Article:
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Amsterhammer said:
So Assad has a "Soviet" ally and thus the Muslim Brothers, while a great threat to US interests in the region, should be assisted by a military intervention?

Assad the secularist against the scourge of religious fanaticism, or is it the meek prey to the scourge of political repression?

Where does one’s fanaticism end and the others begin, I've asked?

Then, what are the underlying geopolitical and economic interests?
 
Jan 27, 2013
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rhubroma said:
From the Syrian regime's perspective, Obama has climbed a tree and doesn't know how to get down.
The Syrians surely know it's only a matter of time before a rope is fabricated to get Obama down as well as to try and strangle Assad.
 
Jan 27, 2013
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rhubroma said:
It would seem so, though which fabrication serves in this moment?
That's the question. The words Syria, Maginot line keep running through my head. Perhaps the Hezbollah card gets played somehow, or the Kurds get used (in every sense of the word) again. Not to be forgotten in all this is that it's really about Iran.

Obama looks really bad here though. What an *******, stirring up a potential world war and then...

Tinderbox waiting for a match, obviously. Epic madness.
 
RetroActive said:
That's the question. The words Syria, Maginot line keep running through my head. Perhaps the Hezbollah card gets played somehow, or the Kurds get used (in every sense of the word) again. Not to be forgotten in all this is that it's really about Iran.

Obama looks really bad here though. What an *******, stirring up a potential world war and then...

Tinderbox waiting for a match, obviously. Epic madness.
I can only relate what the Italian foreign minister, Emma Bonino, has said about the prospective conflict: "One risks a global explosion. Without a UN mandate Damascus will react and Hezbollah might also take action, along with Russia and Iran."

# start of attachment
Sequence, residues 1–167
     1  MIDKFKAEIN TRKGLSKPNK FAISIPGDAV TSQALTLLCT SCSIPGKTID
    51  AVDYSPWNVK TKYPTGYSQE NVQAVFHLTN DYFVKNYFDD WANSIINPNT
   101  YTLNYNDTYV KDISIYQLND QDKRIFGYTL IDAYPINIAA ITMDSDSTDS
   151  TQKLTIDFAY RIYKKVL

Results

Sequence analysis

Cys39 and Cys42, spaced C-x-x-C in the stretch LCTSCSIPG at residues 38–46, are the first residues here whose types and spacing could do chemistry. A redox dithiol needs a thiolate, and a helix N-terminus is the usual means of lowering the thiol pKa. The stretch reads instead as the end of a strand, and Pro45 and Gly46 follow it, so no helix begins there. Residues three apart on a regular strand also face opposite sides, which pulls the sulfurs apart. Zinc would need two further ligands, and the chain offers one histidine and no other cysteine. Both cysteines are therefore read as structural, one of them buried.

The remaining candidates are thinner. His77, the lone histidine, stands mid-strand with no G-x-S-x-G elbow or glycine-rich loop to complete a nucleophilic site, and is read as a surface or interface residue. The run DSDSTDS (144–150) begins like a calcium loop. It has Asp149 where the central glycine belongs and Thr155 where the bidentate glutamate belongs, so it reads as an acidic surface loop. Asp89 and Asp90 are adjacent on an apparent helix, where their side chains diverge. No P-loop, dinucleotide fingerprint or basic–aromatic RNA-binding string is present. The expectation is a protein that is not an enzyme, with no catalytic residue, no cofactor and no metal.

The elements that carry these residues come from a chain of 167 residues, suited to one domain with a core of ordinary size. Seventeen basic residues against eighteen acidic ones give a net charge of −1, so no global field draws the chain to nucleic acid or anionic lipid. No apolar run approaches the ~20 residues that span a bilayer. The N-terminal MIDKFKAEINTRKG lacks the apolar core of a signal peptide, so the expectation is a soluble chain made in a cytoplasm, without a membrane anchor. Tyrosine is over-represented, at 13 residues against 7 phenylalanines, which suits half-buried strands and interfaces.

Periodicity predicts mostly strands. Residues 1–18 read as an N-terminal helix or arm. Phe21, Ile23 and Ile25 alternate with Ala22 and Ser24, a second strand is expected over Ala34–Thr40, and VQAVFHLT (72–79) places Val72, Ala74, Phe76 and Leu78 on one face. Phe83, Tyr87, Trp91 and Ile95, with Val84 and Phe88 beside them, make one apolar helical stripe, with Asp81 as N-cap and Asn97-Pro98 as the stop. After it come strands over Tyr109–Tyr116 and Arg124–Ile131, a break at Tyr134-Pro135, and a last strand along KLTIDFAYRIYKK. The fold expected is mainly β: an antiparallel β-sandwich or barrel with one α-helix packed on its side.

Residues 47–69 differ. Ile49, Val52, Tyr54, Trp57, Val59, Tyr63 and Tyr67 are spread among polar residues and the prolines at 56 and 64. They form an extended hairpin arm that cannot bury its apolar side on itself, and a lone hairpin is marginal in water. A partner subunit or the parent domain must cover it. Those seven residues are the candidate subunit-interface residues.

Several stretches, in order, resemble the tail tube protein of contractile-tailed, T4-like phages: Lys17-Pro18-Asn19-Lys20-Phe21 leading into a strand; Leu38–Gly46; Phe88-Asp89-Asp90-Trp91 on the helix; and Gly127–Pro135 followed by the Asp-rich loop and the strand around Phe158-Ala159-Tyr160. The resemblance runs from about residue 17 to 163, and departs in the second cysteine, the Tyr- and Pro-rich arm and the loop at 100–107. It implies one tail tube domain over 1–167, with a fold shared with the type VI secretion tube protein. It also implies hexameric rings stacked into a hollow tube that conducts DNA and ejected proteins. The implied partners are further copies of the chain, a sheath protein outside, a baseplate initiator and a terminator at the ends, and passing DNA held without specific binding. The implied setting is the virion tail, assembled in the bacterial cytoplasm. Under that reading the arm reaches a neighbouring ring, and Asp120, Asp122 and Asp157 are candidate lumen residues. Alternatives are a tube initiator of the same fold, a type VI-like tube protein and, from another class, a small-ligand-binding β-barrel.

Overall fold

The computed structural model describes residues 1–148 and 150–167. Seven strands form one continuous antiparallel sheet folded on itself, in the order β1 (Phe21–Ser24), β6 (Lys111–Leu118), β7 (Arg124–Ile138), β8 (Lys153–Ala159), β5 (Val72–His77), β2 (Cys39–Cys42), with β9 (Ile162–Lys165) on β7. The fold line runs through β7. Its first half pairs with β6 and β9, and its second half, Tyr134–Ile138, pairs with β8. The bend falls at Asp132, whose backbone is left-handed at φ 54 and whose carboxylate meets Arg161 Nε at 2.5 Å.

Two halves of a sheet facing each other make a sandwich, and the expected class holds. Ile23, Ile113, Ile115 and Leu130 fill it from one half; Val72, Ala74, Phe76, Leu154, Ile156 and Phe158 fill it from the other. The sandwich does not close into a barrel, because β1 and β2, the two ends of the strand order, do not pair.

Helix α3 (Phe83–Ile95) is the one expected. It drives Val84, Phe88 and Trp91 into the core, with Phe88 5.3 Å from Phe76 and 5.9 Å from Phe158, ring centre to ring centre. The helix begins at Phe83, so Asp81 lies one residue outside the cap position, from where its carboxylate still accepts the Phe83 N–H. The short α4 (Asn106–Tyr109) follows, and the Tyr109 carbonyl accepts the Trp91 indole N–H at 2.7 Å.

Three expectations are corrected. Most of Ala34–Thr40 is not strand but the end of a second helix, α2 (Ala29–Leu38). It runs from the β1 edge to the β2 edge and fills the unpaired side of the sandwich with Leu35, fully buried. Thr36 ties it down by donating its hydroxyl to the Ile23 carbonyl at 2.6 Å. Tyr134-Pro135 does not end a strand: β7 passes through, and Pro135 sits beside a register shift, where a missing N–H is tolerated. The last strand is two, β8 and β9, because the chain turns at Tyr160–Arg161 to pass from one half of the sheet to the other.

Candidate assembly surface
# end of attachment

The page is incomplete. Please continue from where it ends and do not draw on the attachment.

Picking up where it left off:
Could a global explosion actually take place? Putin said yesterday that Kerry's statements were ridiculous, while from Iran a global threat has been made. In the words of the Captain of the Revolutionary Guard, Mohamed Ali Jafari: "A military attack against Syria by America would provoke a response beyond its borders." The Syrian prime minister, Wael al-Halqi, has futher made known that "the Syrian army is mobilized and has its finger on the trigger. The army is ready to confront each threat and scenario."

Rhetorical, but where is this headed?
 
Jan 27, 2013
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rhubroma said:
I can only relate what the Italian foreign minister, Emma Bonino, has said about the prospective conflict: "One risks a global explosion. Without a UN mandate Damascus will react and Hezbollah might also take action, along with Russia and Iran."

Could a global explosion actually take place? Putin said yesterday that Kerry's statements were ridiculous, while from Iran a global threat has been made. In the words of the Captain of the Revolutionary Guard, Mohamed Ali Jafari: "A military attack against Syria by America would provoke a response beyond its borders." The Syrian prime minister, Wael al-Halqi, has futher made known that "the Syrian army is mobilized and has its finger on the trigger. The army is ready to confront each threat and scenario."

Rhetorical, but where is this headed?
These battle lines have been drawn up for years now. There's no excuse for pleading ignorance or pretending that any strike on Syria won't have much wider consequences, by Obama or anybody else for that matter.

If (when?)Syria does get the royal treatment can they be blamed for retaliating? Not in my book. Israel has bombed them how many times so far? No response to date excepting restraint. Assad isn't a lunatic.
 
Mar 10, 2009
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ChewbaccaD said:
While his request is repugnant to me, I am snickering at Obama (the incompetent, out of touch, in over his head president) taking the bullsh!t political football rhetoric of Republicans, and saying, "okay guys, you get to vote on Syria like you said you wanted to." Now, what are you gonna' do Chickenhawks?
From a political standpoint, this was a brilliant move.

UK votes against action, US possibly alone, no chance of a SC mandate with Russia (and perhaps still China as well) objecting.